The recently-issued revised master direction of RBI on Prepaid Payment Instruments (PPIs) has created ripples in the PPI space. This was definitely required in the light of the developments in the space—thanks to technical advancements and experience gained—to foster innovation and competition while ensuring customer safety and security. One may argue that, with respect to capping of wallets by value, the probability of money laundering is quite low. However, there are many who would say that, with cumulative transactions via the PPI route, the likelihood of laundering is actually very high. Before the new directives were issued, KYC documents were not collected from the customers at the time of creating a PPI.
This gap was tapped by the money-launderer who used the wallet for ‘layering’, with the actual owner’s identity being untraceable. Thus, the regulator has taken a justified step in making the collection of ‘Official Valid Document’ (OVD) at the time of the creation of the wallet mandatory. PPI issuers have so far adopted a Business Correspondent (BC) model for their businesses, with BCs generally being small kirana shops and other small retail outlets, who neither have any fintech knowledge nor financial expertise. Thus, the reliance is on BCs who are not are equipped to perform a validation of the OVD. Since the amount held in wallets is going to be small, the PAN will probably not be asked for, and Form 60 needs to be collected physically along with other OVD.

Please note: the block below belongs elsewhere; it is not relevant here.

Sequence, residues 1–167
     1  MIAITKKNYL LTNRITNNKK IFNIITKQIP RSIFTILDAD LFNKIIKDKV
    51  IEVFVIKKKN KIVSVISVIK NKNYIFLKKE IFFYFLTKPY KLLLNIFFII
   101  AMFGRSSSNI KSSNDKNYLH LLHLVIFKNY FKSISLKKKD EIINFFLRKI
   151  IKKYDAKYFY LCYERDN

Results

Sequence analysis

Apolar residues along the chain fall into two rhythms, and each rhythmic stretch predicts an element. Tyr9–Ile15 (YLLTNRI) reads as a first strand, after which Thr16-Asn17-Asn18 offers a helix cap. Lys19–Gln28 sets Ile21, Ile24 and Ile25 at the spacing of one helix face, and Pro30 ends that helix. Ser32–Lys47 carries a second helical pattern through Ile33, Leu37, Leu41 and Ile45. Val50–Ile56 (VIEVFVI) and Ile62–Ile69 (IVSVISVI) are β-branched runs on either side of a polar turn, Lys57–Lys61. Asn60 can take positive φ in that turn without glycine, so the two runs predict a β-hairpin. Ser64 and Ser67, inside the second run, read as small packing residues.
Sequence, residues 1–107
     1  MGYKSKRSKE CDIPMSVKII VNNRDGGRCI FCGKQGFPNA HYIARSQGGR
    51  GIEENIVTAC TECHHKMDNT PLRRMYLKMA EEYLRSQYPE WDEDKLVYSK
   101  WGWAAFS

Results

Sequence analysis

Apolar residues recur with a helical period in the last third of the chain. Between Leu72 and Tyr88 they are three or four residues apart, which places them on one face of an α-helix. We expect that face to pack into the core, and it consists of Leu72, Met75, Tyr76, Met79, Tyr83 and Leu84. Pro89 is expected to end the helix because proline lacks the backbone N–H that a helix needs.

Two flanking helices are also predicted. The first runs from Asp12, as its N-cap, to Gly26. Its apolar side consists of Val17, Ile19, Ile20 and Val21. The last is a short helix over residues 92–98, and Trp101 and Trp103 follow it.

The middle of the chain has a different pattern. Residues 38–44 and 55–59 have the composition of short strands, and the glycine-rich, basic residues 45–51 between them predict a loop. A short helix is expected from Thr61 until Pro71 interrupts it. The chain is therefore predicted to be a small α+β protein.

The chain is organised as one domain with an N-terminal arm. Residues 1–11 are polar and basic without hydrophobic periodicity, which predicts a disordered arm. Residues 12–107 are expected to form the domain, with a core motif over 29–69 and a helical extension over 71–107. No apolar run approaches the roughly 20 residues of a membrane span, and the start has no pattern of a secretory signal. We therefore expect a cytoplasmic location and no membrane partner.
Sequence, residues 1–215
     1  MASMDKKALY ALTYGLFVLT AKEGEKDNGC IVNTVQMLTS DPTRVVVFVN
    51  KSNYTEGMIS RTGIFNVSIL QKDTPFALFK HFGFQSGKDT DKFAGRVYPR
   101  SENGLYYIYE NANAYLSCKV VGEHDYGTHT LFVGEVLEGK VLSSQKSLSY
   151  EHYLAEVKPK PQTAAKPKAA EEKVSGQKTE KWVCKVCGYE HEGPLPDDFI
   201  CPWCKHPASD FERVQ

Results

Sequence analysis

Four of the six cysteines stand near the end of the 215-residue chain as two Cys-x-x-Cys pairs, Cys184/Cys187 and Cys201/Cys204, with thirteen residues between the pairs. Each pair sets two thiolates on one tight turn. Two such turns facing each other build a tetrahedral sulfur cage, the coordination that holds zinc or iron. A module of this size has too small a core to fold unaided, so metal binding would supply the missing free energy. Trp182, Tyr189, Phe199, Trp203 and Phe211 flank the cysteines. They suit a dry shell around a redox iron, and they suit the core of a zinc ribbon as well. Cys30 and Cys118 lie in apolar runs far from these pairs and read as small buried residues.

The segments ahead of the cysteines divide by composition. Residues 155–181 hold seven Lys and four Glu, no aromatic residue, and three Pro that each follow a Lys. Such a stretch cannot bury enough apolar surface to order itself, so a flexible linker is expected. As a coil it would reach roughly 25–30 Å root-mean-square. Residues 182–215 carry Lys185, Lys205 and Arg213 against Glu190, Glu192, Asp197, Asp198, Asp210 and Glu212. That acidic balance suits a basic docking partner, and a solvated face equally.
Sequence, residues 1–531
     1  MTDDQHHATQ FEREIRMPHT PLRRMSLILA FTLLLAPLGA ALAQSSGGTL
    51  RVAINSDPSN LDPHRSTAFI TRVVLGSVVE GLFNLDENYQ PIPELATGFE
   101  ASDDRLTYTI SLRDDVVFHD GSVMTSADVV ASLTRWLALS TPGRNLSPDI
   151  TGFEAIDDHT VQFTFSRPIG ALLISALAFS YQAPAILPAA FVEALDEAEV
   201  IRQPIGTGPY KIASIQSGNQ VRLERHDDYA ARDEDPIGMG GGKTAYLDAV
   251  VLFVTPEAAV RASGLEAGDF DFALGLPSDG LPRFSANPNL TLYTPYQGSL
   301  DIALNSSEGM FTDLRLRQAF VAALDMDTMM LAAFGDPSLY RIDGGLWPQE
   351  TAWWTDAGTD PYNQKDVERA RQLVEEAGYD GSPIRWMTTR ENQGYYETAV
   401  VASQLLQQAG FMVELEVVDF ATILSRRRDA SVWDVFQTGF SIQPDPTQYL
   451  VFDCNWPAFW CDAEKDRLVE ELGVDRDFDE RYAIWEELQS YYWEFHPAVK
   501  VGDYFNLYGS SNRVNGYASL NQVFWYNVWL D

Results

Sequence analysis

The various anti-money-laundering steps, as suggested by the Indian Banks Associations, are not going to work effectively for PPIs, which generally have small-value businesses. There is a crying need to develop a new mechanism, perhaps by the Financial Intelligence Unit-India, for monitoring and reporting suspicious transactions via PPIs. While monitoring the transactions, the focus should be on accumulated figures rather than individual transactions. Moreover, many non-bank PPI issuers are engaged in activities such as providing BCs for banks, intermediaries for payment aggregation, etc. It is difficult to self-monitor, and ensure that there is no mingling of funds originating from other business activities with the PPI business.
The regulatory action of bringing down the monthly amount loaded from Rs 20,000 to Rs 10,000 for PPI creation with minimum details, including OTP, is also striking. Such small-value PPIs are used mostly for purchase of goods and services, not for P2P transfers. Such action can avert fraud and money-laundering. Moreover, PPI issuers have to strengthen their operations as users submitting minimum details cannot open another wallet with the same mobile number. The regulator has been quite liberal in allowing non-banking PPI issuers to comply with a capital holding requirement of Rs 15 crore—it is much lower than Rs 25 crore proposed for all entities issuing PPIs.
The problem, however, is that existing non-bank PPI issuers, who currently can have a net-worth of Rs 1 crore, have to enhance net-worth to Rs 15 crore within three years. This means only serious players are going to remain in the PPI space. Non-bank PPI players have to genuinely mull over their capital structures and sources. The biggest challenge PPI issuers are going to face is the conversion of existing semi-closed PPIs into KYC-compliant wallets within a deadline of just two months. In this business, more than 95% of the wallets have been opened by collecting minimum details, without any OVD collection. PPI issuers are expecting an extension of the deadline. The direction issued by the regulator is quite aligned with the banking business. Non-bank PPI issuers will have to do quite a bit to comply with the regulator’s demands.